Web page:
At the dawning
of the Age of Chemical Agriculture during the 1950s,
two men shared a vision for farming without chemicals. A world
apart and unknown to each other, they were each promoting farming
that respected the earth and created health for those who farmed
and those who ate. In 1951 they began corresponding.
East met West
. . . in Iowa
Decades after the initial correspondence between
Mokichi Okada and J.I. Rodale, The Institute and
the Shumei organization re-established contact
in July 1996 with the visit of Satoshi Togo to
the Rodale Institute Experimental Farm® (RIEF)
in Kutztown, Pa. Togo, the Shumei Director of
Natural Agriculture, was a passionate champion
of Natural Agriculture who inspired many Shumei
farmers to continue their efforts.
Mr. Togo’s meeting with John Haberern,
president of Rodale Institute, launched a series
of visits between leaders and agricultural specialists
of the two groups. A Rodale delegation visited
a Natural Agriculture conference in 1997 on Kishima
Island, which functions as the Natural Agriculture
development center. Following a visit by Ms. Hiroko
Koyama, current president of Shinji Shumeikai,
a formal partnership agreements were signed in
In the same year, Rodale staff guided a Shumei
delegation to visit sustainable farmers in Iowa.
That visit is well remembered by Koichi “Cody”
Deguchi, the current Shumei director of Natural
Agriculture. He recently wrote:
I was most strongly impressed with Dick Thompson,
who was one of the farmers working on regenerative
agriculture. He said, “We need healthy soil
for making healthy people. To make healthy soil,
our soul needs to be healthy. Your own soul needs
to change first to work on regenerative agriculture.”
Rodale staff on the trip report that the Iowa
farmers were surprised, at first, that the Shumei
visitors were much less interested in how
they farmed than in why they
farmed. Yet these sustainable farming pioneers
quickly realized that they could finally speak
openly to others who shared their deep convictions
about farming that went far beyond economics.
Deguchi recalled Thompson’s account of
his spiritual quest for a sense of direction once
he became dissatisfied with what conventional
farming was doing to his soil, his family and
his life. Thompson related that his agricultural
training had to be put to the service of understanding
farming from God’s view. This meant devoting
his life to regenerating the land and patiently
teaching others, as well as transforming his strongly
competitive spirit to one of greater cooperation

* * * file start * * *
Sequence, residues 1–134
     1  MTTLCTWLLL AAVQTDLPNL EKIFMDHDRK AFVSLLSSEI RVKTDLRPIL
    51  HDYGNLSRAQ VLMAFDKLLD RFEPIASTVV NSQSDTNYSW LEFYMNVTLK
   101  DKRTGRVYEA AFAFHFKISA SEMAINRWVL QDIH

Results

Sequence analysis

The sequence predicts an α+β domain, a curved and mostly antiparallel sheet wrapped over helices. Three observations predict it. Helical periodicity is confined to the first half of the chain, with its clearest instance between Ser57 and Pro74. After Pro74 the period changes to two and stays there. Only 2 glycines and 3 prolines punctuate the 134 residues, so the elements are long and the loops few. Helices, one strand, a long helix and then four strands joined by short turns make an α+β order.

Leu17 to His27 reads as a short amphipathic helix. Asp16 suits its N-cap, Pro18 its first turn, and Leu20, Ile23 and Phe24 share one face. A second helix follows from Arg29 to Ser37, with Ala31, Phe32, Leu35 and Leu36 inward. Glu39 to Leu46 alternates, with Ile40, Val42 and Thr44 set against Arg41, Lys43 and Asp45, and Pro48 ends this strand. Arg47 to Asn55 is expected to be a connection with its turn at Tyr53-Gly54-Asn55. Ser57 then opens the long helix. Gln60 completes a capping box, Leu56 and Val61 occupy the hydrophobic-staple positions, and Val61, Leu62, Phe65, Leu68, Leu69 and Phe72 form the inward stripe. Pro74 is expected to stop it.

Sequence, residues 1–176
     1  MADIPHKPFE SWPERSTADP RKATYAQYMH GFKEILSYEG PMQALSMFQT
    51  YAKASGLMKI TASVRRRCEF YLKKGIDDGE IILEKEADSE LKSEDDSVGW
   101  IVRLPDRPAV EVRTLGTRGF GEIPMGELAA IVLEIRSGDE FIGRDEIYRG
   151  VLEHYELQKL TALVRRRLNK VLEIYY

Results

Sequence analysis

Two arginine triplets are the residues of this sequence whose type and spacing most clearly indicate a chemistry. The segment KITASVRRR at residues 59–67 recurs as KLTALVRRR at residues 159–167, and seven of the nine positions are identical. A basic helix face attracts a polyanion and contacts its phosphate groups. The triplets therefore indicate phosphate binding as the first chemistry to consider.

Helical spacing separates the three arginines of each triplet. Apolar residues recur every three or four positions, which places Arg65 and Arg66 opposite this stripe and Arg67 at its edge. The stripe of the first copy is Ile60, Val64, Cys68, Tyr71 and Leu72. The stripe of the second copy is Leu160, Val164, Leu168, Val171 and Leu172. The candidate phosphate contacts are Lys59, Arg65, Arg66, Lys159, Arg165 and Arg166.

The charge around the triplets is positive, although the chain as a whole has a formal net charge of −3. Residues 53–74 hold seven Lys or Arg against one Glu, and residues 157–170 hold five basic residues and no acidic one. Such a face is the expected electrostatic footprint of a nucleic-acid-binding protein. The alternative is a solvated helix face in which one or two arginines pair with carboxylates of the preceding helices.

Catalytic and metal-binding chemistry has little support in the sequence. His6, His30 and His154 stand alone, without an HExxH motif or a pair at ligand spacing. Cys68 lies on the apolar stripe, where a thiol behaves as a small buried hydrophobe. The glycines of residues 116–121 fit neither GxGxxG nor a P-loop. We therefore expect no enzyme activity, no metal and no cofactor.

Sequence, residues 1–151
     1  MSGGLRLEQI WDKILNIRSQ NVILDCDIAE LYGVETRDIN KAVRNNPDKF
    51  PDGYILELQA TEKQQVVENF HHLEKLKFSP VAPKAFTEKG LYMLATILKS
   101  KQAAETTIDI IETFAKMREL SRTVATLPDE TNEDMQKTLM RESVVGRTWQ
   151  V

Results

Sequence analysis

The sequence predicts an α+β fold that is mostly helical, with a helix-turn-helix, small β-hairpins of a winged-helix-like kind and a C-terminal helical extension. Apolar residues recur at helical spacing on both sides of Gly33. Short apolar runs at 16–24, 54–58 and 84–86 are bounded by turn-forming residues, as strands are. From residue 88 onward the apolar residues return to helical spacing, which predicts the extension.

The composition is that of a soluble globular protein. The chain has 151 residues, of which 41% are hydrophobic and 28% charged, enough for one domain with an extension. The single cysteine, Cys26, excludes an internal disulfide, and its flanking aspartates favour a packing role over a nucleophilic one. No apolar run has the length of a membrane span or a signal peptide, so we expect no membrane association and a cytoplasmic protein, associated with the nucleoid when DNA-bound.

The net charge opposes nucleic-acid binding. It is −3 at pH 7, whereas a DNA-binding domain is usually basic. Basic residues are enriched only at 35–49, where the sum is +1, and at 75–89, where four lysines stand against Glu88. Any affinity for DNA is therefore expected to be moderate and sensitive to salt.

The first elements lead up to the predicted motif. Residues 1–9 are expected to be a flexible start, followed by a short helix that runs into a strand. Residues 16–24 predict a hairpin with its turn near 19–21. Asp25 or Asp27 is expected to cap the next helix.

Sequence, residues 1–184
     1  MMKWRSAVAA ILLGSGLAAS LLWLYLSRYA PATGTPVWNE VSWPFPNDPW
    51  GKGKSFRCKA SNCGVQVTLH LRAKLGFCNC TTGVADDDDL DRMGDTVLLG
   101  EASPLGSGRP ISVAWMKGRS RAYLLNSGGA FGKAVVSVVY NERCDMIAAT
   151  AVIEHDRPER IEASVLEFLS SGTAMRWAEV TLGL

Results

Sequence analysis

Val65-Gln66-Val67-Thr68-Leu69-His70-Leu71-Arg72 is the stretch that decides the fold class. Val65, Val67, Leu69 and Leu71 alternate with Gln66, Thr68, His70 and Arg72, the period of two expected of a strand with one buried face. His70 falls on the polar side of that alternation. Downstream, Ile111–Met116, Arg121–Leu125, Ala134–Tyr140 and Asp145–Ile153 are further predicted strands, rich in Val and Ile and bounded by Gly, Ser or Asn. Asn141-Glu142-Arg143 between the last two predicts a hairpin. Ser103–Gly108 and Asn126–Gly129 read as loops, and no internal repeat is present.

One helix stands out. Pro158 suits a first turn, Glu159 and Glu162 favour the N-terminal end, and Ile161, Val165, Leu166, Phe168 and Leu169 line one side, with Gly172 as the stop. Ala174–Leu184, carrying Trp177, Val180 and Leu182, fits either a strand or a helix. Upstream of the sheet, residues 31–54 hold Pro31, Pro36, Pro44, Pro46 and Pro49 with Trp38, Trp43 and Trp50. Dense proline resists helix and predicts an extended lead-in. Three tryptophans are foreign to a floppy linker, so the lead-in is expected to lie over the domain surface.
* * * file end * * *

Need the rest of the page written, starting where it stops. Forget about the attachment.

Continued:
Deguchi concludes his tribute by recounting a
story he heard Thompson share on the 1998 trip.
Thompson told the visitors about a speech he gave
in 1995, when he was chairman of Practical Farmers
of Iowa (PFI). The occasion was the 10th anniversary
celebration of PFI’s founding. Deguchi recalls
what Thompson said:
The hall was filled with deep emotion at
that time. The sight made me believe it could
be noone else but God who touched people’s
hearts through my mouth. There were Protestant,
Catholic, and others in the hall, but we shared
a spirituality that goes beyond the difference
of religions. The core of regenerative agriculture
Fifty years later – as the search for environmentally
sound and socially responsible farming intensifies –
an active partnership between these groups honors their joint
quest for a different, better way to cultivate the earth for
While neither Japan’s Mokichi Okada or Pennsylvania’s
J.I. Rodale lived to see the current upsurge of organic agriculture
around the world, neither would be surprised. The health,
balance and harmony in agriculture that they advocated are
values now regarded as critical for finding a sustainable
J.I. Rodale’s interest in organic agriculture -- carried
on by his son, Bob, and grandson, Anthony -- resulted in Organic
Gardening (started in 1942) and The New Farm® (1978-1995),
magazines that carried the message to millions of people.
Growing directly from this interest was The Rodale Institute®,
which has applied the Rodale message to practical farming
situations in North America and many other nations.
Mokichi Okada first spoke of his ideas that came to be known
as Natural Agriculture in 1935. He had risen from a difficult
early life to become a successful businessman who in turn
became a philosopher, poet, naturalist, collector of fine
art and teacher. By 1942, he was raising vegetables and rice
For Okada, Natural Agriculture was as much a spiritual practice